“[][The] Board should not run a company [][but ensure] the right team is at the helm []. [Boards] must always act in the best interests of the company and its major stakeholders:  [] employees,[] customers, []shareholders, [] debtholders, [etc.]   [] The company works for the market [] and the Board and the management team work for the company.” 

Often, as director a right answer isn’t straightforward.  “There are no formulas [][nor “right answer”].  Only time will tell if the right decision was made [which can be debatable].” 

A good board is engaged, debates openly and honestly and tries reaching consensus.  The Chairman should drive the Board.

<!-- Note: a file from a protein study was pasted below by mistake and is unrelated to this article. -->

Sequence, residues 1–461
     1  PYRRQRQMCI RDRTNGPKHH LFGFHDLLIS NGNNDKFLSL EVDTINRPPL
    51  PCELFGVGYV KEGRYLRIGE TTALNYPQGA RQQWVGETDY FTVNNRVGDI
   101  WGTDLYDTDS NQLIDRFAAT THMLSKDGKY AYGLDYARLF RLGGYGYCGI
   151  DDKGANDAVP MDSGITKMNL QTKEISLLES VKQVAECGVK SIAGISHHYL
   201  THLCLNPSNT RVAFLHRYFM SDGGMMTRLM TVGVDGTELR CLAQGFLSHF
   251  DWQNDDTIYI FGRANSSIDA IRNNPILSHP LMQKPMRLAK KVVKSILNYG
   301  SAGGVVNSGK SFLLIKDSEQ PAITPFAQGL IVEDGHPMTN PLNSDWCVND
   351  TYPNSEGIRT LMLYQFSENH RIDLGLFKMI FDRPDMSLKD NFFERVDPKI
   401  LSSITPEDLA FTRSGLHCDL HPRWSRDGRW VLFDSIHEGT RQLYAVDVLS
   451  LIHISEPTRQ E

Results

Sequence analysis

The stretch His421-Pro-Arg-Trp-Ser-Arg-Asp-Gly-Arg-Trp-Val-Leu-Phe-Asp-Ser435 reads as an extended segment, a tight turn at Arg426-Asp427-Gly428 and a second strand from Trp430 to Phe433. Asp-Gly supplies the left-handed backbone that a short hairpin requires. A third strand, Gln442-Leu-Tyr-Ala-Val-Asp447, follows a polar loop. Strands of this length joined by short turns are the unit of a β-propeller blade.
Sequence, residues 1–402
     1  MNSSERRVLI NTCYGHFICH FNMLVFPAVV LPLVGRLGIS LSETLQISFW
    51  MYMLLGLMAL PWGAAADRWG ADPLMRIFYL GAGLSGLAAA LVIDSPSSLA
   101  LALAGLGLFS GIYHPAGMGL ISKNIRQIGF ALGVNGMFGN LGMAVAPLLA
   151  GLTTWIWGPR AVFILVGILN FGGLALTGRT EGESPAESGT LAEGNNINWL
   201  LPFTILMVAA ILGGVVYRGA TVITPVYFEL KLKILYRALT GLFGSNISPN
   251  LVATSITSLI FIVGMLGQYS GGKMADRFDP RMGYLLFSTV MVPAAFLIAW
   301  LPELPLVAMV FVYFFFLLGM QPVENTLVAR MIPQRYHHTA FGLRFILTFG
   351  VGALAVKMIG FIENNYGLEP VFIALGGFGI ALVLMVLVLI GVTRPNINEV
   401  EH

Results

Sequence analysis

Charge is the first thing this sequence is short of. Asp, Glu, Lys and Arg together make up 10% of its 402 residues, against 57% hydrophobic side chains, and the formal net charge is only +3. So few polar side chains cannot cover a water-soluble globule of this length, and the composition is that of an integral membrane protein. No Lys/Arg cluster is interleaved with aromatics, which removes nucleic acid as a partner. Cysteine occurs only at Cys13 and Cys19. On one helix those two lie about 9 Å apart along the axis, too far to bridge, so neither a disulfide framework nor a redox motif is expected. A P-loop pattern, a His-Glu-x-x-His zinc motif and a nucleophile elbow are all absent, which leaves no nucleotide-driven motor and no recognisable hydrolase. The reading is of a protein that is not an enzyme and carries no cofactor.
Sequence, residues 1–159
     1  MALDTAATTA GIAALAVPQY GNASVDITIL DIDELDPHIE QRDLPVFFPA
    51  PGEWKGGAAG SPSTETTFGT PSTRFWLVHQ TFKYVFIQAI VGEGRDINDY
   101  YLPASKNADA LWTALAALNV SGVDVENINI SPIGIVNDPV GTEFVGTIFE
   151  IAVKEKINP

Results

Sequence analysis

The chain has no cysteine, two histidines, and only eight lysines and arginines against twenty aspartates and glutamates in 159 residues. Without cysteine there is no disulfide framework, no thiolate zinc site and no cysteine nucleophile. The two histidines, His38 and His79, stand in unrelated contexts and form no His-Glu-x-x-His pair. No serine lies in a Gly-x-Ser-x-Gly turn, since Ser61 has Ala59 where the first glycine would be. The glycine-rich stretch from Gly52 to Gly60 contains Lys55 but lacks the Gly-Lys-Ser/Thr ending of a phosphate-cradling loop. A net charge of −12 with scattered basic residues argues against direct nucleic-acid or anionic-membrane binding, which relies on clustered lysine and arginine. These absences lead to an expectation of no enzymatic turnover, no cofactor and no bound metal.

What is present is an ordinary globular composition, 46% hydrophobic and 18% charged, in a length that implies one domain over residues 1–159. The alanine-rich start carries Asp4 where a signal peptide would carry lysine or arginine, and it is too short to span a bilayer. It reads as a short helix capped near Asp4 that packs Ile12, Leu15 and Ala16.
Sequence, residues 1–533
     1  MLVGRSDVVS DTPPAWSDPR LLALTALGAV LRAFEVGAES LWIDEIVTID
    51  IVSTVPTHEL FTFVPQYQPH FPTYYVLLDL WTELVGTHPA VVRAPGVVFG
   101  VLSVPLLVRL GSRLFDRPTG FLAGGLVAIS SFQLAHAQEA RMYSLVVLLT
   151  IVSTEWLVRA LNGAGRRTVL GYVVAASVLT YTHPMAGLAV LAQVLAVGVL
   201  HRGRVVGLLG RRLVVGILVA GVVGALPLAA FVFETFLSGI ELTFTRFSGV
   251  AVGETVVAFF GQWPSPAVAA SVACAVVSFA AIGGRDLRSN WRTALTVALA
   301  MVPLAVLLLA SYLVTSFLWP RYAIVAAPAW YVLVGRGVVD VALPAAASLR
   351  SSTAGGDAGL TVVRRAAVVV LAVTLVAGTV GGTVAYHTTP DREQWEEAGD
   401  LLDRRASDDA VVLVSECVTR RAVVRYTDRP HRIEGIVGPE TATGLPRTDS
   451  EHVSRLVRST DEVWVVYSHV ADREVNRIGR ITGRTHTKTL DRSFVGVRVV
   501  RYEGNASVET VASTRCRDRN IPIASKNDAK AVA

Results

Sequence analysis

CEOs shouldn’t manage the Board. “A great Board manages itself, [] treats the CEO as a peer, [and considers the CEO's opinion,][but isn’t] a rubber stamp.  [It] pushes the CEO and the company to make the most of [presented opportunities and asks necessary hard questions]. 

[] [Boards] should evolve [with members changing occasionally, and some but not too much churn is good.] [] Boards should always be looking for new blood.”  Fred Wilson, The Board Of Directors: Role and Responsibilities, Mar 5 2012;

Fred Wilson: Thoughts on Well-Functioning Boards

Fred Wilson venture capitalist and Co-Founder Union Square Ventures

“Every company should have a Board of Directors. []  [Benefits] include [] advice, counsel, relationships, experience, and accountability.

[Shareholders] elect the [Board] [] [usually via] a nominating entity that puts directors up for election by the shareholders. []

[Wilson likes] a three person Board early on in a company's life [including the founder with two others he trusts and respects].

[] [Investors sometimes negotiate a Board seat - less common for angels, moreso for VC’s].”